-- Museum of Musical Instruments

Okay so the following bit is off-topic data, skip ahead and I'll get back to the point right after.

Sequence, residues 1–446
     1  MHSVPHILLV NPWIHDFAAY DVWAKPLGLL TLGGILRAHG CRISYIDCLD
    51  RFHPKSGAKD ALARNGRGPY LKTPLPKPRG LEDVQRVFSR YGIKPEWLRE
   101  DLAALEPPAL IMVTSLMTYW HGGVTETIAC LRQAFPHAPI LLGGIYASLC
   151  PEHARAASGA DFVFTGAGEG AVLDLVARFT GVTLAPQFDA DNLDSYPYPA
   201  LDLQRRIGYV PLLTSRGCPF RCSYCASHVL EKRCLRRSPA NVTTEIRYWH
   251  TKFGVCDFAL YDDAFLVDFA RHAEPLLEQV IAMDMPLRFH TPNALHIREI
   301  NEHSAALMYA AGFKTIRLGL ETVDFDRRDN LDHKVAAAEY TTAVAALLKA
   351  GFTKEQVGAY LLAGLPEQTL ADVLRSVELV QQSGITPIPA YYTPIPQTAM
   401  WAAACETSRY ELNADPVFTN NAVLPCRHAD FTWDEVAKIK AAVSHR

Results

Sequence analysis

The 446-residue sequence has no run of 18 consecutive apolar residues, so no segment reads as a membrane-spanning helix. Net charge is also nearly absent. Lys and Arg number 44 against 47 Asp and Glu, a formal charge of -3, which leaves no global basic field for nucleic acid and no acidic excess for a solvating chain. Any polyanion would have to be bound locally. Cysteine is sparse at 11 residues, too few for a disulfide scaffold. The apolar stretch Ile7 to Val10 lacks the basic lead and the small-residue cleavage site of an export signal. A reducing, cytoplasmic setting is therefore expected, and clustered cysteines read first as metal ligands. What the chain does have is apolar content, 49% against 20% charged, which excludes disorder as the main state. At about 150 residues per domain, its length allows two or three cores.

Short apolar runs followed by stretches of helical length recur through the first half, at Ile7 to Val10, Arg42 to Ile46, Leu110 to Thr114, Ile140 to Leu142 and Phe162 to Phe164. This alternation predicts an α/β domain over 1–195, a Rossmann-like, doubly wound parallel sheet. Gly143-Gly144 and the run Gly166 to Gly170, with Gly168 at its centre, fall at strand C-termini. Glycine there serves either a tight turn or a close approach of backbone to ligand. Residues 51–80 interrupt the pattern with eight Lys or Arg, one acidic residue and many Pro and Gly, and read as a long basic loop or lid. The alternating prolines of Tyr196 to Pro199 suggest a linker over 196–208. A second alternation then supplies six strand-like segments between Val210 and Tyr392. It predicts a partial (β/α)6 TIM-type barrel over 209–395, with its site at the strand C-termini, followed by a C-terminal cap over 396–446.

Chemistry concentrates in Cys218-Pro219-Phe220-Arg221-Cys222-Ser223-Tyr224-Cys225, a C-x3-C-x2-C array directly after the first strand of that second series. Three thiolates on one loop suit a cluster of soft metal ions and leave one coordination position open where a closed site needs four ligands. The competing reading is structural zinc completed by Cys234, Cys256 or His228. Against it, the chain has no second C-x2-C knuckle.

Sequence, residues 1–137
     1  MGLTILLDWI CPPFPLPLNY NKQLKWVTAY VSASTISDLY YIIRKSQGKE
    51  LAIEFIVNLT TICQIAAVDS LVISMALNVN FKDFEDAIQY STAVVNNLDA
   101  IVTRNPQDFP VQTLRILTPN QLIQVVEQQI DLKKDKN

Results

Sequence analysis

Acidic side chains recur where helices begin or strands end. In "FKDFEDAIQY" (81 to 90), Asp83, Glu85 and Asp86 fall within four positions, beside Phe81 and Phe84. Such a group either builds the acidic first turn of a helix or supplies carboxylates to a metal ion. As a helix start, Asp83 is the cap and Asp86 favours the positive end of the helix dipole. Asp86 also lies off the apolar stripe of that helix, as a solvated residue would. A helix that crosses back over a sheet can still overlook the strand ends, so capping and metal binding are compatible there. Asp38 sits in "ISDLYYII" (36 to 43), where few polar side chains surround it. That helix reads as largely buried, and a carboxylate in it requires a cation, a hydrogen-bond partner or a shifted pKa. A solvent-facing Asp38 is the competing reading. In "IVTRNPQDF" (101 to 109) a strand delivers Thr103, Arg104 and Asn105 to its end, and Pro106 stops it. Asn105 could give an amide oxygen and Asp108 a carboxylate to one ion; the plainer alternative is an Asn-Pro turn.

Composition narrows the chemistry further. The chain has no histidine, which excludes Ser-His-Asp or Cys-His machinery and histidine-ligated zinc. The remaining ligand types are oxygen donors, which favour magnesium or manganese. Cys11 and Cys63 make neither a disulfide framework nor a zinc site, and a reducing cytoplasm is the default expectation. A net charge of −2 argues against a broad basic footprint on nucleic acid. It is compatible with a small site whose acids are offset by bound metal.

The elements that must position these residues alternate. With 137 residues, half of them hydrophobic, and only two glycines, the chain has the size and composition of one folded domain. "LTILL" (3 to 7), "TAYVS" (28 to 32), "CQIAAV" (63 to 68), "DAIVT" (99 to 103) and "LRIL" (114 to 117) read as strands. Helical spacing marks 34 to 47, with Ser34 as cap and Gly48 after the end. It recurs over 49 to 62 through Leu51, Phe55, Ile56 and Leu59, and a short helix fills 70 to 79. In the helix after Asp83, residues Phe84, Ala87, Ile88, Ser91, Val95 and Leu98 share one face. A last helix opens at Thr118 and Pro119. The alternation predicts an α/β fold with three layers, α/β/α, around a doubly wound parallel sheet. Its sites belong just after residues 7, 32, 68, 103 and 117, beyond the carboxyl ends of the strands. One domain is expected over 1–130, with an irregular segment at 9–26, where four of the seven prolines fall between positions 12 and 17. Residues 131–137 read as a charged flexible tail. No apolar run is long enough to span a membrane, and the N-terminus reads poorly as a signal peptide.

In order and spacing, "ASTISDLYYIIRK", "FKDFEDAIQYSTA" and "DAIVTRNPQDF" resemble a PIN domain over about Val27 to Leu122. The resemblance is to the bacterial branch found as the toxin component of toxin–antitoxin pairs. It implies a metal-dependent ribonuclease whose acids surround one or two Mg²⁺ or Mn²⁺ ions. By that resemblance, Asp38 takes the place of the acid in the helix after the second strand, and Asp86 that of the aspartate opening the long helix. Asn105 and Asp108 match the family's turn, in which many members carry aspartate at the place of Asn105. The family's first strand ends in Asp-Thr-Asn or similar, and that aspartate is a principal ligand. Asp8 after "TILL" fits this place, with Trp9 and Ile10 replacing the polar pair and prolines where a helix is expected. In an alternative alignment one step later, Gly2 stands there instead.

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   When the first Les Paul models were being prepared for launch into the solid-body guitar market in 1952, Gibson was looking for some way to make a big impression. Les Paul himself suggested that they issue the instrument in a luxurious gold-colored finish, a decorative scheme that was retained for the next six years. Called "gold tops" in the vintage guitar trade, some instruments were in fact colored gold on the sides and back as well. The solid-color paint masks the underlying structure, composed of a mahogany body with a carved three-piece cap of maple, theoretically resulting in a guitar that combines the tone of these two woods. Compared with Fender's Telecaster and Stratocaster models, the perfectly rounded outline of the Les Paul (reminiscent of certain Gibson arch tops) is anything but radical. It is also a heavy guitar, but in compensation for the load it puts on the guitarist's back it has a tone that players find extremely versatile. The earliest Les Pauls featured a wire-like string holder called a "trapeze" tailpiece, combined with the bridge. Players were not enthusiastic about this design, since it interfered when trying to dampen the strings with the palm of the hand.

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